Embracing a bigger sound than her acutely intimate early work, ‘Little Oblivions’ serves to amplify Julien Baker’s message.
A new side-project headed by Interpol’s Paul Banks, ‘Muzz’ is functional but ultimately nowhere near ambitious enough to transcend its origins.
Despite many flashes of genius, Will Toledo’s latest Car Seat Headrest album ‘Making A Door Less Open’ is fundamentally confused and split in its identity.
A couple of moments aside, ‘A Fine Mess’ EP is a tedious exercise in Interpol-by-numbers.
A collaborative effort between Julien Baker, Phoebe Bridgers and Lucy Dacus, ‘boygenius’ is an imperious display of empathy and brilliant songwriting.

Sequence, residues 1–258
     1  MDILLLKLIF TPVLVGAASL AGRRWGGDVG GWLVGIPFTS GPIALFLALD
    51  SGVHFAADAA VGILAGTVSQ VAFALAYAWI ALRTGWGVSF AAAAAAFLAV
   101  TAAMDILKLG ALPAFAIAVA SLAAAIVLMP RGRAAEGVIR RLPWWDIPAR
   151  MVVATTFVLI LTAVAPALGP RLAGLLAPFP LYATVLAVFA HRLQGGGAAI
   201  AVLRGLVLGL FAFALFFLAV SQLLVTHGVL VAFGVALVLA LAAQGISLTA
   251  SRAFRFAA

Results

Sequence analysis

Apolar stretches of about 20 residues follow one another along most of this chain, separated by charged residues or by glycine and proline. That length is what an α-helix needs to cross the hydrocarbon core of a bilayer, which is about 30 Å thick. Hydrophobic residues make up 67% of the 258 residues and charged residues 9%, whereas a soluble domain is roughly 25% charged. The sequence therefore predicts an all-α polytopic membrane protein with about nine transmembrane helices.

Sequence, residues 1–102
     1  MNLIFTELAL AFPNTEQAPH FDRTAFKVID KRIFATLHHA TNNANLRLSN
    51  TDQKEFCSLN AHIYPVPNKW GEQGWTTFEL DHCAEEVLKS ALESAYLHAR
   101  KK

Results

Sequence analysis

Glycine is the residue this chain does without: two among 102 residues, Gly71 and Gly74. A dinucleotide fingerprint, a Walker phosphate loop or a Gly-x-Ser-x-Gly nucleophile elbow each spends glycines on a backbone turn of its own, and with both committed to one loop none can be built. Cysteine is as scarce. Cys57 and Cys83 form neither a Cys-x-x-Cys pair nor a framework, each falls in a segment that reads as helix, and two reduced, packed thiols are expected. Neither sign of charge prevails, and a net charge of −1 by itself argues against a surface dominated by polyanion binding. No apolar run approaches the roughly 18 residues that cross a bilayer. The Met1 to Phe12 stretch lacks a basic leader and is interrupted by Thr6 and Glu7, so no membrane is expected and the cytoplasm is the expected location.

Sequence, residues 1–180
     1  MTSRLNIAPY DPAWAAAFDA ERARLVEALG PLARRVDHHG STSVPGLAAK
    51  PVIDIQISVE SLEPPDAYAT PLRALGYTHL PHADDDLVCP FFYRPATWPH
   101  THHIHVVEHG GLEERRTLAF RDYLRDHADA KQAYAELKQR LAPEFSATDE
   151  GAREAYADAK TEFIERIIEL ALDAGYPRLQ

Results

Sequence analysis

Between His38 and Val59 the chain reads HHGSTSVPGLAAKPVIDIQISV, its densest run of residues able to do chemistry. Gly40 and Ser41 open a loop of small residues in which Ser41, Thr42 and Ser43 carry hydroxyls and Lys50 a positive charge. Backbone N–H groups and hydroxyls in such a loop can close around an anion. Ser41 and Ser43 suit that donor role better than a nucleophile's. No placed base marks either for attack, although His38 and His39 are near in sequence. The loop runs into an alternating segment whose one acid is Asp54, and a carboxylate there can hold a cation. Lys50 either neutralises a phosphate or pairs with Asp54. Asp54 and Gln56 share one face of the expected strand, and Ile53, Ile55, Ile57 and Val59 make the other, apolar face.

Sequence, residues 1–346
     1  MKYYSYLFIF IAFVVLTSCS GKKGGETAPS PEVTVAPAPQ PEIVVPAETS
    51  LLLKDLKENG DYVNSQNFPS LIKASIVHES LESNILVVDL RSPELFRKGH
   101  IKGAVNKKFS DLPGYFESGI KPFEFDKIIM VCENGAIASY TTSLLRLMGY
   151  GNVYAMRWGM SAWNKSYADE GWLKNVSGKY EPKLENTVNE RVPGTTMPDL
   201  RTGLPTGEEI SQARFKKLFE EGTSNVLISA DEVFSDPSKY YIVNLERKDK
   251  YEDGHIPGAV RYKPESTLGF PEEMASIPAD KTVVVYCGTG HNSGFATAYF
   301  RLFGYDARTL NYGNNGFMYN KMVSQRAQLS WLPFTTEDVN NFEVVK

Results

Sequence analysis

‘Bottle It In’ is the first Kurt Vile record to potentially split its audience, despite its admirable and mostly successful attempts at expanding his sonic boundaries.
After an excellent opening salvo, Interpol’s sixth album ‘Marauder’ suffers from monotony and a critical lack of ideas.
‘Exile In Guyville’, Liz Phair’s witty, detailed, and emotional vision of male-dominated society, makes living in one much easier.
Lindsey Jordan’s first full Snail Mail album ‘Lush’ is an intensely detailed document of life and love while adjusting to adulthood, and fulfills all the breathless predictions made for it.
Matador’s 25th anniversary box set is both a formal acknowledgment of the importance of Liz Phair to American indie history, as well as her early experimental songwriting.